A large part of the proposal is to bring rapid transit to parts of Auckland that don’t have it. Am I in favour of this idea? – a resounding YES!

    Auckland’s problem has traditionally been that small groups have a disproportionate voice. End result: nothing gets done.

    I really don’t want to be still arguing about this in 20 years. For cats sake, just build the fraggin thing and then 20 years from now we can all pat ourselves on the back and say what a great job we all did.

    Here’s a story that I take as a lesson in what might be: I was speaking to someone whose grandfather was on the board responsible for constructing the Harbour Bridge. Apparently at one of the early planning meetings, her grandfather proposed that for little extra cost, an additional couple of lanes in each direction could be added. This would bring the number of lanes up to 4 in each direction.

    He was told in no uncertain terms that the north shore would never be that busy and was literally laughed out of the room.

    Today we have 4 lanes in each direction (and are contemplating a 2nd harbour crossing – hopefully with LR /HR). Who’s laughing now?

    1. Rodney. The key word is “rapid”. LR is best utilised as a “mass”transport mode and would be good for the densification of the central isthmus. But the airport needs a rapid connection. Using the current HR system the airprt could be easily accessed by Aucklanders from the east, south, north and even the west. The best use of the money available would be to use LR to help with the densification of the central isthmus and HR from Puhinui or Wiri to the airport.

      1. In total journey time for air travellers saving 10 minutes on the trip to the airport is small bikkies.
        Reliable journey time is more important.
        The prudent air traveller already puts a much longer time float then that to account for traffic delays, and queue delays.

        1. “I think too much emphasis is placed on the airport-to-CBD aspect of the proposed project.”

          Always has been and these people refuse to step back and look at the facts.

          HR or LR, only a small percentage of overall users will be going to/from the airport. Most of those wont even be doing the full end to end; the overwhelming majority of airport workers do not live in the CBD. They will be transferring off the line well before that. And the majority of airport passengers are domestic, again, not living in the CBD. And not every business or leisure traveller is going to Britomart nor will care of the 5min difference.

          So much angst over the airport, let alone the proposal to spend twice as much money to accommodate them.

  18. Great and timely article. Let’s build the LRT. If it takes an act of Parliament to overcome resource consent then so be it.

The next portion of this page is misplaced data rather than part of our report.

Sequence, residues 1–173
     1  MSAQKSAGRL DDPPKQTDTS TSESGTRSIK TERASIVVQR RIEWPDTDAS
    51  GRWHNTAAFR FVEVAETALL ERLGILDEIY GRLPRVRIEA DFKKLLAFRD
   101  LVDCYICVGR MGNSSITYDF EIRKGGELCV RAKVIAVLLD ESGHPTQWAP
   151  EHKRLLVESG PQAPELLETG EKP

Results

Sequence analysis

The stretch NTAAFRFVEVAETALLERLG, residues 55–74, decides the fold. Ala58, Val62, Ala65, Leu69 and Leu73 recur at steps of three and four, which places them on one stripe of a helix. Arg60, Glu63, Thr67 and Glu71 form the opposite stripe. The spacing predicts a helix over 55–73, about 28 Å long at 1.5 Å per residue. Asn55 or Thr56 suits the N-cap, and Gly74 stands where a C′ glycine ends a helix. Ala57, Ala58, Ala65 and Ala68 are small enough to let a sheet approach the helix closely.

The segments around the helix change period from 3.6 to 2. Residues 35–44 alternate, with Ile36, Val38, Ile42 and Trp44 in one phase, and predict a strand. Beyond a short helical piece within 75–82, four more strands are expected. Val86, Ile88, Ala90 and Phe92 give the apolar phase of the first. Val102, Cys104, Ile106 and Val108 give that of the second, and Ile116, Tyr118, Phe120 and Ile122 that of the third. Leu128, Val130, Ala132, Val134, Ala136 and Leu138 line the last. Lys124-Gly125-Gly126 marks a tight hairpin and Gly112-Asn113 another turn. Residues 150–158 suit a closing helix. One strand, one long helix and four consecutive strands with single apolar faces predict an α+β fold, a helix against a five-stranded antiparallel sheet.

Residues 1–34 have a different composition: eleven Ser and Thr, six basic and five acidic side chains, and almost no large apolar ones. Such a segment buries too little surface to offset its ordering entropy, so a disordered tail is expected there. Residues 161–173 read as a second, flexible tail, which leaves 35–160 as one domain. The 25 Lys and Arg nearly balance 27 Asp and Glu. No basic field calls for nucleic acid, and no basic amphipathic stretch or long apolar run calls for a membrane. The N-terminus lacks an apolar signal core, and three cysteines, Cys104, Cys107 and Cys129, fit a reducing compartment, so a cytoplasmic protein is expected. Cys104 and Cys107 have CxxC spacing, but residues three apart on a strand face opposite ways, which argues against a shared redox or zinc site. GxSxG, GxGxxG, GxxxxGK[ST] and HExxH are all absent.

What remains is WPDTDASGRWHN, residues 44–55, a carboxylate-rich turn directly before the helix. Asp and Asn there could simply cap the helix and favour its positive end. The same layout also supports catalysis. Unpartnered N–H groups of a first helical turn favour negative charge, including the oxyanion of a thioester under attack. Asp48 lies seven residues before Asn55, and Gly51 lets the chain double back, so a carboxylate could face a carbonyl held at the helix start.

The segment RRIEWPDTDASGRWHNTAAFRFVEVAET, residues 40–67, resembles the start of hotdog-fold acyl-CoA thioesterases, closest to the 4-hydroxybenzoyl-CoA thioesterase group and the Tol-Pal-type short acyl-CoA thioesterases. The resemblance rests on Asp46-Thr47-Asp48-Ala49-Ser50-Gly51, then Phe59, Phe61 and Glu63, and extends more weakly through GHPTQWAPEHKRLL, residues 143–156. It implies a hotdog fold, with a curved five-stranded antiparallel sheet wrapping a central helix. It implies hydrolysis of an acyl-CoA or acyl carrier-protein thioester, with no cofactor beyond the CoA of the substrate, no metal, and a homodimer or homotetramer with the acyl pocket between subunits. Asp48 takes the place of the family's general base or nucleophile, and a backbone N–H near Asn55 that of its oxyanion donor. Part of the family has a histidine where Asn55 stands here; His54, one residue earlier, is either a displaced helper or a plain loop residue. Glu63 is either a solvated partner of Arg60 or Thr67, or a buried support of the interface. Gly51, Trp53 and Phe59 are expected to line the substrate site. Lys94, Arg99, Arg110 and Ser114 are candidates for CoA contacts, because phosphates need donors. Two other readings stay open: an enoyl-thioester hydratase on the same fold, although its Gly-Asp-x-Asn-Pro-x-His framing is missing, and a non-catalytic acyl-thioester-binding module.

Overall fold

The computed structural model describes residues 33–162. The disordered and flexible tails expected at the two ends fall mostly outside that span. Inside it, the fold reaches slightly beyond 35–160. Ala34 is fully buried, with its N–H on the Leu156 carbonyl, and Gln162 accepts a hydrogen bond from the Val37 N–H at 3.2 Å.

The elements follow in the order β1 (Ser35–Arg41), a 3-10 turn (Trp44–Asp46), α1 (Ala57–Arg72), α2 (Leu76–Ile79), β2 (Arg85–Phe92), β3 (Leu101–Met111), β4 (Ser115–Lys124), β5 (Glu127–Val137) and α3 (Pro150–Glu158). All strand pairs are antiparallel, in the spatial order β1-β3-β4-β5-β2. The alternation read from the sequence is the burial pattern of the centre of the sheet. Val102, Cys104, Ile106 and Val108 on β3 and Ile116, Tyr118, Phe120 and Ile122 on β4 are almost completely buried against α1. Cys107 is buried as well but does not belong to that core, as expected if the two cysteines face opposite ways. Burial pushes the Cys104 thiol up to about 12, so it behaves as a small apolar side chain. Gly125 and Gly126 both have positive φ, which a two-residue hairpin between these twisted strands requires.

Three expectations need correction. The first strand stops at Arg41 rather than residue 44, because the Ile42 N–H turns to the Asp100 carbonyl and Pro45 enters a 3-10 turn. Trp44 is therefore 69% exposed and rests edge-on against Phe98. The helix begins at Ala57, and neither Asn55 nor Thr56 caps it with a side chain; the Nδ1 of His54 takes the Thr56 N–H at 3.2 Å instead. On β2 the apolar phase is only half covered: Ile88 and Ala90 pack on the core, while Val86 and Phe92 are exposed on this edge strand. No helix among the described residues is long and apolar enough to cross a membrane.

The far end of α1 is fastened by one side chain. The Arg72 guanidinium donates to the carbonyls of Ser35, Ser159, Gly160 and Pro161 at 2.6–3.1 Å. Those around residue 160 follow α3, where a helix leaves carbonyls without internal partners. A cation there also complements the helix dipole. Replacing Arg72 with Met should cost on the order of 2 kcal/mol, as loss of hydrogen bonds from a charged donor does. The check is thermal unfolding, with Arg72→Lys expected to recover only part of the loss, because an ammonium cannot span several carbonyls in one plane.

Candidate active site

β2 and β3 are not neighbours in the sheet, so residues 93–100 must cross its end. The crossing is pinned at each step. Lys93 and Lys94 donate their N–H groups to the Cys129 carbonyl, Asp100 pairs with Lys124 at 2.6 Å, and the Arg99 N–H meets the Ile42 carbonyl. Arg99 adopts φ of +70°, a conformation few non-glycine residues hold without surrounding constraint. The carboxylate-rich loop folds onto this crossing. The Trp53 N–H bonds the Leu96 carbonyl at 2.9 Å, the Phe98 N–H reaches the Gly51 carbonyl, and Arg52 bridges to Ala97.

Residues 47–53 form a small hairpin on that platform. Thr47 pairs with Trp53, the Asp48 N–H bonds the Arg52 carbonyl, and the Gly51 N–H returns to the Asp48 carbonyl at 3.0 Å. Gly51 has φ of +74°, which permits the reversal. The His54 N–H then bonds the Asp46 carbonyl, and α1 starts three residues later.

1. Absolutely not. I don’t want the best government we have had in years voted out because they wasted political capital on a boondoggle that costs far more than the estimate and doesn’t do what was promised.

    2. To KLK: The HR train to the airport will also bring many airport workers to the airport. It is also serving people on that route. The beauty of this is that it links graeater Auckland to the airport. It is the LR project which is simply a CBD – airport connection, especially if it becomes the elevated monstosity that the Minister is proposing. Even the at level Dom Rd plan wants to reduce the current 24 stops to just 8 alond Dom Rd. Any LR specialist will tell you that that won’t work. Just build the thing along Dom Rd.

      1. This makes no sense. The HR serves the airport, but LR doesn’t. LR is a CBD-airport connection, but the HR is not.

        They are both the same thing south of Onehunga. Its just that one costs twice as much, isn’t accessible for as many people and has sub-optimal frequencies that effectively wipe out the 5min time saving for the minority of people going end to end.

        To ignore those deal-breakers just suggests your argument is about what your personal preference is.

        The route is the same south of Onehunga, right?

        1. KLK: No the route is from Wiri. Have a look backthrough these comments. I have given a more comprehensive view of how I think it will work.

        2. The cost of a spur through Wiri was pretty high for a one station extension that adds no new catchment. And you still have terrible frequencies because of network constraints.

          The BRT link from Puhinui does the same thing and while it does involve a transfer, that will be seamless via the inter change being built and probably will have 10min frequencies. It will also be the first stage of the eastern AMETI BRT (and eventually LRT) direct to the airport. I think rail from Hamilton would stop at that interchange too.

          Prioritising airport trips for that kind if expenditure doesnt stack up. Southern line users will now get access to the airport anyway via the HR-BRT/LRT link and we get a whole lot better amenity for the money.

  19. As a number of people have pointed out, running light rail down dominion Rd, or just about any of Auckland roads, is going to cause massive congestion during the construction phase, and once it’s up and running then we will see speed problems because surface running in busy pedestrian areas can and will see problems.
    So, does going underground make any sense if we take out the cost factor.
    I tend to think that once again we will see massive congestion during the construction phase, just look at what is happening around the CRL construction.
    That really only leaves two options. a) do nothing or b) aerial. I thunk we all agree that the do nothing option is foolish in the extreme.
    So if we go aerial how do we go about that without creating an eyesore.